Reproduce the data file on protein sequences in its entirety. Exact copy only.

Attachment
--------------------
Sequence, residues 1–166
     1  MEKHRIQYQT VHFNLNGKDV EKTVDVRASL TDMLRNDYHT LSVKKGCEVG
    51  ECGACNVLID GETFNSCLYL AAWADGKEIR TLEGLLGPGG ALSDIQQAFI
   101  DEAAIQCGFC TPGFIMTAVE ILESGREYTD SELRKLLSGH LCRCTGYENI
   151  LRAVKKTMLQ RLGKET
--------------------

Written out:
Sequence, residues 1–166
     1  MEKHRIQYQT VHFNLNGKDV EKTVDVRASL TDMLRNDYHT LSVKKGCEVG
    51  ECGACNVLID GETFNSCLYL AAWADGKEIR TLEGLLGPGG ALSDIQQAFI
   101  DEAAIQCGFC TPGFIMTAVE ILESGREYTD SELRKLLSGH LCRCTGYENI
   151  LRAVKKTMLQ RLGKET